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To sustain a lifestyle that requires a lot of travelling and no fixed base, digital nomads must practice good financial management. You’ll find that facing your financial responsibilities today prevents costly and time-consuming consequences in the future.
So if you’re ready to achieve a healthy financial status, read these tips to get started.
A secure savings fund is the ultimate goal. But you can’t secure your finances if you keep piling unnecessary debts. Pay any outstanding debt before travelling, then set aside the remaining cash for your savings.
Although it may take time to clear long-term loans like student loans or mortgages — you can find ways to pay them up faster.
Here are a few suggestions:
Digital nomads need an emergency fund more than anyone. This should be taken care of even before you hit the road. The ideal size of your emergency fund covers three to six months of your basic expenses. It is also advisable to place this in your most accessible account so you can withdraw it immediately.
If you have been working for some time, consider setting up a retirement fund. Digital nomads are considered self-employed, so you can make use of retirement savings options for the self-employed.
For professional advice, consult your bank or financial consultant to find the best retirement plan for you.
Dr. Phillippa Lally, a health psychology researcher at University College London, conducted a social experiment to measure how long it takes for an average person to form a habit.
Unlike what most life coaches claim—that it only takes 21 days for a person to form a new habit—Lally’s research revealed that it takes two to eight months for the habit to be instinctive. This depends on the person’s conviction, the habit’s level of difficulty, and the circumstance or conditions the person is in.
The takeaway? If you’re used to an extravagant lifestyle, learning to be thrifty can be a challenge.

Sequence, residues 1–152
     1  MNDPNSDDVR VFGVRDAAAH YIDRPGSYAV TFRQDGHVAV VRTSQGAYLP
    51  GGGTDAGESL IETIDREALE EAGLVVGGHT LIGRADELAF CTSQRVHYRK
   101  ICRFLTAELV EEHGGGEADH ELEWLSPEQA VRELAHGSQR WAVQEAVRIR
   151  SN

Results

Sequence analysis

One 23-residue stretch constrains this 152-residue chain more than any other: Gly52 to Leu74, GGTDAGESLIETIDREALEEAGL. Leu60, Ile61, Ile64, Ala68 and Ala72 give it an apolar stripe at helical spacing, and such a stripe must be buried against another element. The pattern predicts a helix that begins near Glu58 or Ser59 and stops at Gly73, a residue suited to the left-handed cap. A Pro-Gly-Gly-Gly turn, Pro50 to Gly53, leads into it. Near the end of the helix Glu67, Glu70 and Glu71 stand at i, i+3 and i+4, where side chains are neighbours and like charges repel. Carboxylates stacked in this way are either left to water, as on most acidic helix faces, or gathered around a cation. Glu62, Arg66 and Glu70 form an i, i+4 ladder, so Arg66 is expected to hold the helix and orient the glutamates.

Of course, discipline and the right mindset can sharpen your budgeting skills. To get started, practice these popular methods:
This is also known as the balanced money formula. You break down your income into the following:
This is an old-school finance management, where you prepare separate envelopes for expenses/bills, loans, and savings.
Us the envelope system for items that take a huge chunk off your budget. Think of basic needs like international insurance, accommodation, health needs (medicines, vaccinations, insurance), and clothing.
Contrary to its name, the pay-yourself-first system doesn’t show you how to earn money. Instead, the money you set aside goes directly to your own savings and investment accounts.
For example, you earn an estimated income of *$5000 USD from your web design job. After writing down your monthly pay, list your savings goals (retirement account, health/ travel insurance, etc.). If it amounts in a total of $3500, then you have a total of $1500 left for your personal expenses.
*remote and freelance work on the web generally pays in US dollars
An important part of budgeting is keeping track of expenses. You can do it by keeping a ledger or with spreadsheets like Google Sheets or Microsoft Excel. But can you really call yourself a digital nomad if you don’t look for more innovative options?
It’s easy to lose track of expenses while travelling. So make use of mobile apps that will automate the process. Here are popular options:
The digital nomad lifestyle brings a huge amount of freedom. But this freedom requires discipline and a foolproof plan to avoid financial shortcomings. Calculating monthly costs isn’t enough. You need to estimate how much you have to spend before actually setting foot out the door.
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